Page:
On Sunday, February 8, dozens of patient families with children that have congenital heart disease gathered to celebrate lives saved and CHD Awareness Week (2/7/15 – 2/14/15).
Less than one month after reading about “stealth surgery” online, Jennifer traveled cross-country for an innovative surgery that helped her turn the corner from a painful past toward a brighter future.
Silicon Valley entrepreneur and philanthropist Sean Parker has announced that he is donating $24 million to establish an allergy research center at Stanford. Scientists at the Sean N. Parker Center for Allergy Research at Stanford University will study the underlying mechanisms of all types of allergies in children and adults and will aim to develop lasting allergy cures.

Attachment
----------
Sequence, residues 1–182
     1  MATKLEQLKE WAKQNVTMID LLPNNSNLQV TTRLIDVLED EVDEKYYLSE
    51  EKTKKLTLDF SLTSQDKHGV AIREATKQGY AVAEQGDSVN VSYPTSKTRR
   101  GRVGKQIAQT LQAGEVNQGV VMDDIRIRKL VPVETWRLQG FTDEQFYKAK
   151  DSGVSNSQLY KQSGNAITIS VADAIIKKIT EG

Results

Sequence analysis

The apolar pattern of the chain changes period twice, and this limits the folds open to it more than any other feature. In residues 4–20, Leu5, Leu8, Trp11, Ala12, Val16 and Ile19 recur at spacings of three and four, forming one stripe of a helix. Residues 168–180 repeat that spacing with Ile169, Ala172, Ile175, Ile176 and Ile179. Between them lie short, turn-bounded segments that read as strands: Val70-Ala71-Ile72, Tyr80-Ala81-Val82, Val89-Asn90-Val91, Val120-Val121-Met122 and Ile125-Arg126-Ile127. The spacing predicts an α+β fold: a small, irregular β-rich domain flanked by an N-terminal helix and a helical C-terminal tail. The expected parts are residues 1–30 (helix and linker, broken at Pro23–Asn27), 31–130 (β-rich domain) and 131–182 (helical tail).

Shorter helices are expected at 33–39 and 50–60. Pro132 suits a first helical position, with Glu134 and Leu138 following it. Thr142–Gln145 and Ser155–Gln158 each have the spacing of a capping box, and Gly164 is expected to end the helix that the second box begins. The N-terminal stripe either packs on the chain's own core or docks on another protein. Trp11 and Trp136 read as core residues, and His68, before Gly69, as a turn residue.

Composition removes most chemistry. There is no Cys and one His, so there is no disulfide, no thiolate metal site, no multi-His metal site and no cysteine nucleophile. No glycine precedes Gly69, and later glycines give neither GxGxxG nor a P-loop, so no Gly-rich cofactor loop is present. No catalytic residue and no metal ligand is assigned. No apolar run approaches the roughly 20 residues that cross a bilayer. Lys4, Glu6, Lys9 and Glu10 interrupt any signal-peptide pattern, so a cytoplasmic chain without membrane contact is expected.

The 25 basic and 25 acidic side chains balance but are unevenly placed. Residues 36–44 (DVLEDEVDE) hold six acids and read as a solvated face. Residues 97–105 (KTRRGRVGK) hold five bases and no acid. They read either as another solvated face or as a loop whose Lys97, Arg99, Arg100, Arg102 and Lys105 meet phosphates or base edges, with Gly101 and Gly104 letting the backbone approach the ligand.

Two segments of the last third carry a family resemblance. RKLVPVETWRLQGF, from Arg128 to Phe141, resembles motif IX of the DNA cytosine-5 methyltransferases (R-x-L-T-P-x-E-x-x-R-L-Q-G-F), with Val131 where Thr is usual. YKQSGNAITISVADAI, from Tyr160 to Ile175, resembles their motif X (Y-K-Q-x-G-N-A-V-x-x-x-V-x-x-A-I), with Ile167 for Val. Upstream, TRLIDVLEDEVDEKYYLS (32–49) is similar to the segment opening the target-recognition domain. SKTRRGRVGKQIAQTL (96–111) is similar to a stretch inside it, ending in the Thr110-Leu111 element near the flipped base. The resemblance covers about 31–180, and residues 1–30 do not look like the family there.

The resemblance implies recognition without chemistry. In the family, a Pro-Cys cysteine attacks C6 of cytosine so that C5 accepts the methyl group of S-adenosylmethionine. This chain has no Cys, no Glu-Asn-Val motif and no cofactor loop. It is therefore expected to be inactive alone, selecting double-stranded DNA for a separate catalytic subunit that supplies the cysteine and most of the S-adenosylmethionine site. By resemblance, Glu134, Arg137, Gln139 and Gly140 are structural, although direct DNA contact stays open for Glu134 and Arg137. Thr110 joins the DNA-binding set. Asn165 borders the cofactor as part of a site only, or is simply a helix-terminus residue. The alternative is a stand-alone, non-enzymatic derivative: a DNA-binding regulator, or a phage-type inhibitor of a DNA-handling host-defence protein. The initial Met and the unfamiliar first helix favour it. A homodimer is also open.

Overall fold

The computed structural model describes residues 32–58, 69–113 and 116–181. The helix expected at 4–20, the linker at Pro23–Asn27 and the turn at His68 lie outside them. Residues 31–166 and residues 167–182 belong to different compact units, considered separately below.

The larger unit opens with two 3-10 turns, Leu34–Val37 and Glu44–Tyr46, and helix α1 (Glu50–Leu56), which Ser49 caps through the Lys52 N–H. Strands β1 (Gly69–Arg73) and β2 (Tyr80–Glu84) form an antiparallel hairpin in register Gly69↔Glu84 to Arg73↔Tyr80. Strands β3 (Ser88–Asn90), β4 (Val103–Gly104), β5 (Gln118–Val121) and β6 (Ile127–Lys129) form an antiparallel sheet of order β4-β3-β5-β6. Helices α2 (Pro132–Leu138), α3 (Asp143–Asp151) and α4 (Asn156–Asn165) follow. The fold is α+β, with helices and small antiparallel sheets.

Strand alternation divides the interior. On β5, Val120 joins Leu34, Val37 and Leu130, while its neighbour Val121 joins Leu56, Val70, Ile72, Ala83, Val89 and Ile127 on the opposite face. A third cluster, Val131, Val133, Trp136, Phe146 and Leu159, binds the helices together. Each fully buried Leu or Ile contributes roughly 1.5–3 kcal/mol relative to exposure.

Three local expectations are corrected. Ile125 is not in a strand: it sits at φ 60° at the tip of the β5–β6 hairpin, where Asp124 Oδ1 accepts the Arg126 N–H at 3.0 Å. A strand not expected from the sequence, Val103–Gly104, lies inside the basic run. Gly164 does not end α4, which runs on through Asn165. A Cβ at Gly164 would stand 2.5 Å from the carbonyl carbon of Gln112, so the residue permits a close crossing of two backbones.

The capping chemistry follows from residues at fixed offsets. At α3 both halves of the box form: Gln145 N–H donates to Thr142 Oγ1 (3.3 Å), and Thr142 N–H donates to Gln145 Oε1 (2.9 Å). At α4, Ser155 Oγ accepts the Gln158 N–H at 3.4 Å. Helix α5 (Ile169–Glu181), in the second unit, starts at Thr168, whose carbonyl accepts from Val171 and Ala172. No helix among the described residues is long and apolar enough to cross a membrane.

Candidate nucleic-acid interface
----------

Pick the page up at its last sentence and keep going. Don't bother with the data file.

Top-ranked group group in Los Gatos, Calif., is now a part of one of the most comprehensive and sought-after health-care brands in America
When a child’s heart is not making the right sounds, it can make parents very nervous. Alaina Kipps, MD, pediatric cardiologist in our Heart Center, explains that it’s actually very common and usually not as scary as you would think.
A Stanford-led research team has examined how brain scans can help doctors predict preemies’ neurodevelopmental outcomes in toddlerhood. The researchers found that for babies born more than 12 weeks early who survive early infancy, brain scans performed near their original due date are better predictors than scans done near birth.
Other cardiologists are plumbers; I’m an electrician,” says Dubin. “Most cardiologists deal with structural heart disease: how the plumbing works and how the heart pumps. I focus on the electrical system that drives the pump.